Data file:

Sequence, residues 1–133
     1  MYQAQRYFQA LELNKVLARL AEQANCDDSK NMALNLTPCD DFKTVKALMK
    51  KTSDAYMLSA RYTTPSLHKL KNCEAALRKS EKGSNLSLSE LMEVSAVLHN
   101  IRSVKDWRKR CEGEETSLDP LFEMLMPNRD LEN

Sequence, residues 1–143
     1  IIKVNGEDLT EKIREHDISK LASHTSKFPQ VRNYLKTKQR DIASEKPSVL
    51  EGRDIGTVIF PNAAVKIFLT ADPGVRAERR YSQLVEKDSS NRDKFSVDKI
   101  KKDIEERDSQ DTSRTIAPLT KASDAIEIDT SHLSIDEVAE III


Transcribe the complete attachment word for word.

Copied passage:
Sequence, residues 1–133
     1  MYQAQRYFQA LELNKVLARL AEQANCDDSK NMALNLTPCD DFKTVKALMK
    51  KTSDAYMLSA RYTTPSLHKL KNCEAALRKS EKGSNLSLSE LMEVSAVLHN
   101  IRSVKDWRKR CEGEETSLDP LFEMLMPNRD LEN

Sequence, residues 1–143
     1  IIKVNGEDLT EKIREHDISK LASHTSKFPQ VRNYLKTKQR DIASEKPSVL
    51  EGRDIGTVIF PNAAVKIFLT ADPGVRAERR YSQLVEKDSS NRDKFSVDKI
   101  KKDIEERDSQ DTSRTIAPLT KASDAIEIDT SHLSIDEVAE III